So you're preparing to head overseas for a while. You've read up about the country, or countries, you plan to visit, knowing that once there, things are going to be different. You're not just visiting a different country, you're visiting a different society. Their values may be a world away from what you're used to at home, what is considered normal where you live could be completely taboo where you're going, the religions may be different, the form of government completely different - a simple smile may pass on a meaning that you're completely unprepared for. You know what culture shock is, and expect to feel like a fish out of water for a while, as you adjust to a completely new environment and people.
Are you ready for what you may feel when you get home though?
Reverse culture shock - also known as re-entry shock - can be just as difficult to live with, or possibly more difficult to come to grips with, particularly if you're not prepared for it. While many people are expecting to feel out of place in a foreign culture, and may be able to recognise culture shock for what it is, feeling something similar once you've returned home can be more alarming. After all, you're returning to the place where you may have spent the majority of your life, returning to a culture that you know instinctively, and to people who know you. So why should you feel out of place in this environment?
For many people, reverse culture shock is the feeling that while travel may have changed you, your home remains the same. It's easy to imagine that as you've changed - whether that be your thoughts and ideals, your attitudes to the people surrounding you, or the concepts of what is right and wrong - the world has kept pace with that change, somehow aligning to your shifting values. Of course, this won't have happened - the people you left behind have been doing the same old things while you've been gone, dealing with their everyday challenges, certainly not being exposed to alien cultures with their own philosophies, beliefs and culture. It can be difficult to adjust to your own home, and you may be feeling that what you have always accepted as right and true doesn't seem so straight forward any more - the lines are blurred, and it's difficult to understand why nobody else can see that.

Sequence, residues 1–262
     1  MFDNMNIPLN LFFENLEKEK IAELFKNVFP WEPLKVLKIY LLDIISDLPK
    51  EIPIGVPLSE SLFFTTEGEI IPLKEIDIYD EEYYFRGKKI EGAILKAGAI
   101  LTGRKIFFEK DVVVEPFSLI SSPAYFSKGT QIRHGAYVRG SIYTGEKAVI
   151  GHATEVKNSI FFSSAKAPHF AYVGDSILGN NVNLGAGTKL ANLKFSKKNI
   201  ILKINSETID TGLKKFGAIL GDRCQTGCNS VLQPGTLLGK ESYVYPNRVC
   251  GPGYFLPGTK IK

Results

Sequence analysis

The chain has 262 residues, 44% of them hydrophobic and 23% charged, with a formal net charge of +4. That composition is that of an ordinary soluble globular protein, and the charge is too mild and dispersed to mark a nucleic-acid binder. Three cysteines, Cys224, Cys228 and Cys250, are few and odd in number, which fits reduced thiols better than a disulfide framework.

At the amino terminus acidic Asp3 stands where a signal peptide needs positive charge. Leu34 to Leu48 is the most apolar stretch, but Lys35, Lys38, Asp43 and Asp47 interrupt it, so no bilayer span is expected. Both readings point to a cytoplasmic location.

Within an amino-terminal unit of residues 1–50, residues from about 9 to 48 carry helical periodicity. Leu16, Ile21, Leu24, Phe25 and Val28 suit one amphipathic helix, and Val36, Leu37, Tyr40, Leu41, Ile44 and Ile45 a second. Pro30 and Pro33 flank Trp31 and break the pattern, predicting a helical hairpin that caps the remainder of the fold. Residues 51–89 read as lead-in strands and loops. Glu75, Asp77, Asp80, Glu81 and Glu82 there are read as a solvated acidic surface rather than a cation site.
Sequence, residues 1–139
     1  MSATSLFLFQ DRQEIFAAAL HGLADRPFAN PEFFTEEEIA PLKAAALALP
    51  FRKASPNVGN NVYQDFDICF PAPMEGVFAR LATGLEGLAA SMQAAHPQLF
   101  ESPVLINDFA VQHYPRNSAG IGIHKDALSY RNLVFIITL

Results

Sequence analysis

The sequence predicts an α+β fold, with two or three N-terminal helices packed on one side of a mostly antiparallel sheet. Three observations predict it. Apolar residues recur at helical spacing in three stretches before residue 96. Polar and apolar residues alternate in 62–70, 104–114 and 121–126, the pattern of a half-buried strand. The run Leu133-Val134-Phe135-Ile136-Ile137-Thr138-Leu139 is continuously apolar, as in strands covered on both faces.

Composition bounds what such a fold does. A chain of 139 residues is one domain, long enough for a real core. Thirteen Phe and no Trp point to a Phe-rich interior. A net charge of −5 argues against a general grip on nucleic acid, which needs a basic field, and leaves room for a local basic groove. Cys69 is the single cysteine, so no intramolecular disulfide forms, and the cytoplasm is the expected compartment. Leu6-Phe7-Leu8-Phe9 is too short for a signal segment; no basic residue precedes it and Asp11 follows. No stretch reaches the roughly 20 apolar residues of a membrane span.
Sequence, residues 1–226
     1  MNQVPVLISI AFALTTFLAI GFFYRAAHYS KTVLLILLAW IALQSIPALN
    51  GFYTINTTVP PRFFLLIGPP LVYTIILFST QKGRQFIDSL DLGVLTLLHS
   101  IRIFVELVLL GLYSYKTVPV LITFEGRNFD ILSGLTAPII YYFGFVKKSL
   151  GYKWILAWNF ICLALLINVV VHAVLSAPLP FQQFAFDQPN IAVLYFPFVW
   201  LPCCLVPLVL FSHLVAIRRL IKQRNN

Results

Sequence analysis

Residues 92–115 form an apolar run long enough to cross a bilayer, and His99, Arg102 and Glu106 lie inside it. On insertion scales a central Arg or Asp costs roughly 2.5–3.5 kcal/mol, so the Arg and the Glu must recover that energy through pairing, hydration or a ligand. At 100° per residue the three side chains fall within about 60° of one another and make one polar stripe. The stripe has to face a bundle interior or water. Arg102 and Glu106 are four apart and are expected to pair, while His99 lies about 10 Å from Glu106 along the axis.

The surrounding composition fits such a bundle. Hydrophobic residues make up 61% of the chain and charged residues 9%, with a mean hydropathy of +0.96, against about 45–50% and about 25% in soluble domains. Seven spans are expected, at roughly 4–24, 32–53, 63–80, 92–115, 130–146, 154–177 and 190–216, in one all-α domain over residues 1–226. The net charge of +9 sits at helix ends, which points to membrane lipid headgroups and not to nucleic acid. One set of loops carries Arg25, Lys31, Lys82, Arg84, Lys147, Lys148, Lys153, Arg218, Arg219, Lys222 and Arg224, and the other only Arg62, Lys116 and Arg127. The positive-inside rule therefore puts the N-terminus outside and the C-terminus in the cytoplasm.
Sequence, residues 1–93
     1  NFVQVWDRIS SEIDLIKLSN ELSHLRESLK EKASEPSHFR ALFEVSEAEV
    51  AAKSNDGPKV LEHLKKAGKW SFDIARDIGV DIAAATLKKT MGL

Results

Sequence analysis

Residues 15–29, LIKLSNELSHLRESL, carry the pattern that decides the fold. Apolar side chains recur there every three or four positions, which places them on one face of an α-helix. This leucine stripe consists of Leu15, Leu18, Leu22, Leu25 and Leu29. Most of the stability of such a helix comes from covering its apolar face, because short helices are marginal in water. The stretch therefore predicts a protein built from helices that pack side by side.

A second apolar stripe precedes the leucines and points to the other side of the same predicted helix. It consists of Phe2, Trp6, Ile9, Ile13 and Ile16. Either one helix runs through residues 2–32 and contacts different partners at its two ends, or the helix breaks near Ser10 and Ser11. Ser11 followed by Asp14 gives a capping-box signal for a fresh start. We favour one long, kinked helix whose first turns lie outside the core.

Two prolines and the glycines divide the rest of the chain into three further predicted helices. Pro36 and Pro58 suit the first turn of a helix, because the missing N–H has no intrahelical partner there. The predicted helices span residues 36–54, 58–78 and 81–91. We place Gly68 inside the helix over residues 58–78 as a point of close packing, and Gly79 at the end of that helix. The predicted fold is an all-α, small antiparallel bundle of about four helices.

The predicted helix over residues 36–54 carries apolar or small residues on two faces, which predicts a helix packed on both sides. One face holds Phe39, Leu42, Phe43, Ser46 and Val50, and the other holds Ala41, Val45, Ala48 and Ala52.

On the flip side, there can be the assumption from your friends and family that you've returned the same person as when you left. It can be difficult to understand why you're having trouble communicating with these people, when in reality you may be coming from very different directions - something that may never have happened before. It's a situation where you have trouble understanding why everyone else can't see your point of view any more, while everyone else is wondering why suddenly you have less in common than before you left. Those people you left behind have not had the opportunity to experience what you have, so have no idea where the change has come from. They may even feel intimidated - while you have a world of stories to tell, they have nothing comparable to share with you. It makes conversation hard when all they have in reply to your story of some crazy rickshaw ride through the back streets of Delhi, is the latest work drama.
Reverse culture shock is a normal reaction to returning home, particularly for travellers who have been away for extended periods of time - although it can affect those who've been away for shorter periods. I felt many of these emotions after getting home from 10 weeks travel - not a huge amount of time in the scheme of things, however I think what I felt was largely influenced by the countries I visited, all with very different cultures and values to those I was used to at home. I believe one of the most important strategies for dealing with it is to be aware that it exists, and be prepared to feel a sense of alienation for some time. It isn't a permanent thing, in just the same way as your initial culture shock will fade over time. Allowing yourself the time to get over reverse culture shock is important - many people I have spoken to have stressed the importance of allowing some time to yourself doing nothing when you're travelling, accepting that you don't have to be active all the time, and it's perfectly ok to sit in your hotel room all day reading a book every now and then - a chance to recharge your batteries, and take a break. Allow yourself the same when you get home too - don't try to readjust in a day, or a week - let it happen in its own good time.
One of the most useful things I've found dealing with being back home, is to speak to other people who have travelled if you can. It can make a world of difference to be able to talk to someone who understands where you're coming from, and most likely knows exactly what you're going through. When you're talking to your family and friends, try not to overwhelm them with your stories of life overseas all at once - take things slowly. Sharing your photos with them can be a great way to give them an idea of what you've seen and experienced, and allows you to explain what it is they're seeing. I've found this works really well if you avoid having some mass showing of your pictures - the ever dreaded slide night or its modern day equivalent - it's easier and more personal being able to talk to one or two people, and you'll probably find that its easier to have more meaningful conversation.
And while reverse culture shock may fade over time, if you get home and realise that you've been bitten by the travel bug - well, start saving, because there's really only one cure for that. Who knows - I might run into you on the road one of these days.